“What set those guys apart was hard work and dedication,” Walters said. “He's got what it takes to be every bit as good as those guys, he's just one year into the process.”

Brown is likely to start next to Desmond Jackson, and even with the loss of Brandon Moore and no incoming help from the 2013 recruiting class there's still some optimism within the program. Ashton Dorsey at this point in his career is a solid player who can provide quality depth and Chris Whaley is good for a flash play every once in a while, and he'd likely be more than a No. 4 tackle at some places.

If nothing else happens as far as attrition goes, the hope is that one of Paul Boyette or Alex Norman will be able to bring something to the rotation.

Hassan Ridgeway has an opportunity to impress the coaches if he can add fundamentals to his obvious physical attributes.

“With the guys who haven't had a chance to play, we need to grab them in our arms and make sure they're ready for next year,” Jackson said. “Their roles are coming up. They're good players and good kids who work hard every single day.”

The X-factor at defensive tackle this spring is Hassan Ridgeway. After a redshirt year, Ridgeway is reportedly up to 288 pounds and brings the kind of playmaking ability that lends itself well to Diaz's high-risk, high-reward defense.

“I see Hassan as being like me,” Jackson said. “He's very strong. Him being so young he hasn't formed fundamentally, but he's shown in practice that he can just get off the ball because he's so strong. I don't think he even knows how strong he is yet.”

Out of Ridgeway, Norman and Boyette the chances that one of them can step up and take Moore's place in the rotation are good. As 2012 came to a close, Jackson's money was on Ridgeway.

“In the spring he'll be able to show what we can do,” Jackson said. “When it starts to click, that boy is going to be bad.”

On the edge, with Jeffcoat out for the spring, there's a chance for guys like Shiro Davis, Caleb Bluiett and Bryce Cottrell to earn reps for the fall. Bluiett moves back to defensive end after spending the fall at tight end, where he, Davis and Cottrell are expected to push Reggie Wilson in the rotation.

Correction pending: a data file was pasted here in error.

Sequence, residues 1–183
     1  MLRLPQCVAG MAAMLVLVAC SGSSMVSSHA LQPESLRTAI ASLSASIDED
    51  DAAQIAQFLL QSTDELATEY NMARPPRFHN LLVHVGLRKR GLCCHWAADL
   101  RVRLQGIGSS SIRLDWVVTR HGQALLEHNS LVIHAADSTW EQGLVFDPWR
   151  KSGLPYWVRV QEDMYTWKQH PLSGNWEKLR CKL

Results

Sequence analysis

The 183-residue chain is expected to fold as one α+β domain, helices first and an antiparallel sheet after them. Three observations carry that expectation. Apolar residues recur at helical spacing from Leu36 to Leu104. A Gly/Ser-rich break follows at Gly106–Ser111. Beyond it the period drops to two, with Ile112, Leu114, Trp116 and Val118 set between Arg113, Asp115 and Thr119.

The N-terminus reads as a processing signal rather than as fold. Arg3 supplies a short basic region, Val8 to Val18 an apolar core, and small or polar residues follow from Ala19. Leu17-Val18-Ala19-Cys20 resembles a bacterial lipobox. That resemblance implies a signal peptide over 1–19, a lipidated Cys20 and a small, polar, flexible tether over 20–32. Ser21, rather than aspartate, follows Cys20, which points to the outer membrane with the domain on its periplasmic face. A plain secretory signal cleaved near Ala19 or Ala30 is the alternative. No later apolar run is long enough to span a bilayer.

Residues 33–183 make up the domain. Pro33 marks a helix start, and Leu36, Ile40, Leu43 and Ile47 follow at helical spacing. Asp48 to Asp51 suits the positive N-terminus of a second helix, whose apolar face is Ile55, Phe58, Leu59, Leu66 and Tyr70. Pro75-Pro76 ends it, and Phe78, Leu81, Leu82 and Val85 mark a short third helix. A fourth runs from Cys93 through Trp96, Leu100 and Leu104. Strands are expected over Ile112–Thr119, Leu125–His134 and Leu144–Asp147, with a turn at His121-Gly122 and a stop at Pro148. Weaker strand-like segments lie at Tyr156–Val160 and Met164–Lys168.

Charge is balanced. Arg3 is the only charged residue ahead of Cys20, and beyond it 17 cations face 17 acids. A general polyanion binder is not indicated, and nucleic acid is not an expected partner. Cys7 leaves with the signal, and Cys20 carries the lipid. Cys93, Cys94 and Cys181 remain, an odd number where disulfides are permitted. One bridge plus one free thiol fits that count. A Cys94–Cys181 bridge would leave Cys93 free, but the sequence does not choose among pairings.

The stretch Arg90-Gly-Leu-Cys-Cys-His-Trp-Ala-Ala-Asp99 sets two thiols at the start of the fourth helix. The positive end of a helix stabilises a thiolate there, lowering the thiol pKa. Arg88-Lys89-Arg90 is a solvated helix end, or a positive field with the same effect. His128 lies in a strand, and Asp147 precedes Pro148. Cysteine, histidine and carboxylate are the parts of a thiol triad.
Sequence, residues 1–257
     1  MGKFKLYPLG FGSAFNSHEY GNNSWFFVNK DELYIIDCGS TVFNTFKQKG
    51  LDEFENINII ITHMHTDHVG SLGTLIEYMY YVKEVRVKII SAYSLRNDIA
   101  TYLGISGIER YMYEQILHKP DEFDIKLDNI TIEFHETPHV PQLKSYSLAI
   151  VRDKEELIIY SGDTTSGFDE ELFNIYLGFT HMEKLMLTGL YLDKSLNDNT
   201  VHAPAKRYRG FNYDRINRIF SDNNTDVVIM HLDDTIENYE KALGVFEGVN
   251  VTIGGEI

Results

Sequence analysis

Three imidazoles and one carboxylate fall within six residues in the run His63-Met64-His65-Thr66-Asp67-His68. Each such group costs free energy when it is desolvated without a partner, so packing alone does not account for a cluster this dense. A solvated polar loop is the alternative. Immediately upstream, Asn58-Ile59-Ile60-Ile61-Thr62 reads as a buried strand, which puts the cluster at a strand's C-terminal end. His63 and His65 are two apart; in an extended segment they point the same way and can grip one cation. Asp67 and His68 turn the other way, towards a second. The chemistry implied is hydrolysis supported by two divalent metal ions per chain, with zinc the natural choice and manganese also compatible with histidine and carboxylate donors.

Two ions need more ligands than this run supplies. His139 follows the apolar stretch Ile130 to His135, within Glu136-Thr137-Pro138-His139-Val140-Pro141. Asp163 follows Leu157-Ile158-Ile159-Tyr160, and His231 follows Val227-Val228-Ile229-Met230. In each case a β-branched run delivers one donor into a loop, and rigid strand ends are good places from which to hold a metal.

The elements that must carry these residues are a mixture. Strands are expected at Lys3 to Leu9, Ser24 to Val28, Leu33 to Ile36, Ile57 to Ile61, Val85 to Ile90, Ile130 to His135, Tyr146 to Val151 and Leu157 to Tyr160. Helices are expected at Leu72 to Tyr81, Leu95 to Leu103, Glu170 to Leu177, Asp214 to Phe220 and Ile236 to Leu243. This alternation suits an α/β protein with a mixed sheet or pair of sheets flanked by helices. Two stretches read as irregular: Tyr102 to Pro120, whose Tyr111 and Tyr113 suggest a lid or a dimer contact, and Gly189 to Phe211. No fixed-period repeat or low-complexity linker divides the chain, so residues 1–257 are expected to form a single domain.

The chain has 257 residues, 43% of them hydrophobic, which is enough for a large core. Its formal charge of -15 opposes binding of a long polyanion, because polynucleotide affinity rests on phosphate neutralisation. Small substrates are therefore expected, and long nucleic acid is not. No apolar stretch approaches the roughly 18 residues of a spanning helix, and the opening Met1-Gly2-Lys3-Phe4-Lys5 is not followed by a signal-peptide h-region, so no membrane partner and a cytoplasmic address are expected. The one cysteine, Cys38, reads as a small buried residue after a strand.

There have been rumblings that Davis wasn't happy at various portions during the fall. Part of it could have been being away from home, part of it could have been not getting to play as much as he'd hoped while watching the defense struggle.

Whatever the case may be, Davis has a chance to show that the all-too-brief flashes we saw against Iowa State and Kansas State last season can be made on a regular basis.

“My freshman year it was hard for me my first couple of games and I wasn't getting to play,” Jackson said. “The more you play the more comfortable you get, and I see Shiro as the same way I was.”

If Davis does settle in and has a big spring, he's yet another player who has a chance to help turn around the fortunes of the defensive line in 2013.

“He's was waiting on his time to shine,” Jackson said. “When he got it he made the most of it, and now he's getting more confident in his ability.”

Diaz was referencing Davis specifically, but what he said about player development is so true. The talent is there, and the ability is evident, and while some of these guys are still young the Longhorns need them to put it together now.

“It's neat that he played, but we have to turn him into an entirely different guy,” Diaz said. “No matter who you beat to get them in recruiting or how many stars they had next to their name, you have to develop them.”